Judges Chapter 15  PDF  MSWord

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Go to Bible: Judges 15
Jdg 15:1(top)
Jdg 15:2

“I said to myself, I said.” The Hebrew almost seems awkward, but it is an awkward moment. Sampson’s betrothed had been given away without his knowledge, and the father does not know what to say except to stumble through and try to explain that he did his best to think through the situation.

“hated, yes, hated.” The father tries to convey the intensity of the hatred Samson felt for his bride by using the figure of speech polyptoton, repeating the verb using different inflections (for more on polyptoton and the REV translation, see commentary on Gen. 2:16). The woman’s father reasonably thought that if Samson hated her so intensely he would not come back for her, and he tries what ordinarily could have been a workable solution; give Samson the woman’s younger sister. That failed, likely not so much because it was not reasonable, but because Samson did not want to marry a Philistine woman because he loved her but because he was seeking an occasion against the Philistines.

Jdg 15:3

“Samson said to them.” The woman’s father did not meet with Samson alone. Other Philistines were with him.

Jdg 15:4

“jackals.” Jackals were common in Israel, but even so it would have taken Samson a while to catch all of them and it would have been no small feat to tie them tail to tail and transport them to the grain fields of the Philistines. Although many English translations read “foxes,” that is almost certainly not the correct animal. The Hebrew word is the same for both animals, but foxes are shy, solitary animals and catching 300 of them would have been very difficult, whereas jackals are pack animals and Samson would have taken much less time to capture packs of jackals.

Jdg 15:5

“the stacked grain and the standing grain.” This was the time of the wheat harvest (Judg. 15:1), so the grain was partially harvested. Some grain was already in stacks waiting to be threshed, and there was still standing grain in the fields that had not been cut yet.

Jdg 15:6

“burned her and her father with fire.” The Philistines killed the Timnite and his whole family. To the Philistines, the Timnite and his family were a problem. There had already been a problem in Ashkelon when Samson killed 30 Philistines to have their clothes (Judg. 14:19), now the Timnites’ dealings with Samson had cost them that year’s wheat harvest as well as damaged vineyard and olive groves. So the Philistines killed the household of the Timnite. Although the accepted Massoretic text just reads, “father,” the Septuagint, Syriac, and a number of Hebrew manuscripts read “father’s house,” meaning the whole household, and that makes sense because the Philistines would not just execute the woman and her father but would get rid of the entire troublemaking family (cp. Barry Webb, The New International Commentary on the Old Testament: The Book of Judges).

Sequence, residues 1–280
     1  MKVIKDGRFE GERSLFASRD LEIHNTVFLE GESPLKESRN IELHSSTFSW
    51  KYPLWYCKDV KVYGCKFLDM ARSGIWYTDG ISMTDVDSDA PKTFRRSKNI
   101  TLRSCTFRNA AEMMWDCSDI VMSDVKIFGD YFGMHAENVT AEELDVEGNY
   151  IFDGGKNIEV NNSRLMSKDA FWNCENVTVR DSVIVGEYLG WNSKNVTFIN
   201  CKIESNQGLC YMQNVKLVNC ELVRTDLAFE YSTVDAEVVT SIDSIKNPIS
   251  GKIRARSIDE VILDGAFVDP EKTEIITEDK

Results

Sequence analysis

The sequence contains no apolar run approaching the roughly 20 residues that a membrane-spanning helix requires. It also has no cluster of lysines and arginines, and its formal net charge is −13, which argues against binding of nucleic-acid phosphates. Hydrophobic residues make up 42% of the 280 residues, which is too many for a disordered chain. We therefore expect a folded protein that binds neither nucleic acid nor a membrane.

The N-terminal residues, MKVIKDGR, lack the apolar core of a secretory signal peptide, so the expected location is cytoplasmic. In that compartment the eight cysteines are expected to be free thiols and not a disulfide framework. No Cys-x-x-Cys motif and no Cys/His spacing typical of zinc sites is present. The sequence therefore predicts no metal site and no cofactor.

Jdg 15:7(top)
Jdg 15:8

“leg on thigh.” This is an idiomatic phrase that occurs only here and has not been found in other ancient literature either, so the exact meaning is unknown. However, the sense has to be one of total slaughter.

“cave.” The word “cave” is not technically correct, but this is a case where the English has no word that exactly reproduces the Hebrew. The Hebrew refers to a cut, crack, or cranny in rock or a rocky place that has overhanging rock over it for shelter. Thus it is more like a cave than a “cleft” or “crack,” which has no overhanging shelter.

Jdg 15:9(top)
Jdg 15:10(top)
Jdg 15:11(top)
Jdg 15:12(top)
Jdg 15:13

“bind, yes, bind.” The text uses the figure of speech polyptoton for emphasis (for more on polyptoton and the translation, see commentary on Gen. 2:16).

Jdg 15:14

“flax that has been burned with fire.” Lamp wicks were often made with flax, and when it has been burned it is very fragile; a good comparison would be our candle wicks after they have been burned.

Jdg 15:15

“fresh jawbone of a donkey.” The jawbone is the strongest bone in the body since it has to have the strength to stand up to the constant pounding of chewing. This was a “fresh jawbone,” so the animal would have recently died. That meant the bone was not dry and weak, but still strong, and likely had the donkey’s teeth still in it, which could cut. In fact, there is no reason to believe that the jawbone was not still in the corpse of the donkey. It is very unlikely that it was clean and white and half buried in the sandy dirt as many paintings show. It could easily have been mostly cleaned of flesh by birds and animals, but still have some flesh on it and still be attached by ligaments to the rest of the donkey skeleton.

Jdg 15:16

“heaps on heaps.” More literally, “a heap, heaps,” but the word “donkey” and the word “heap” are homonyms, spelled the same. So the verse can be “a donkey, two donkeys” (cp. Fox, Schocken Bible).

Jdg 15:17

“Ramath-lehi.” Quite literally, “Jawbone Height” or more idiomatically, “Jawbone Hill.”

Jdg 15:18(top)
Jdg 15:19

“spirit.” In this case, “spirit” refers to both his physical energy and his attitude. [For more on the meanings of “spirit,” see Appendix 6, “Usages of ‘Spirit’”]

Jdg 15:20(top)

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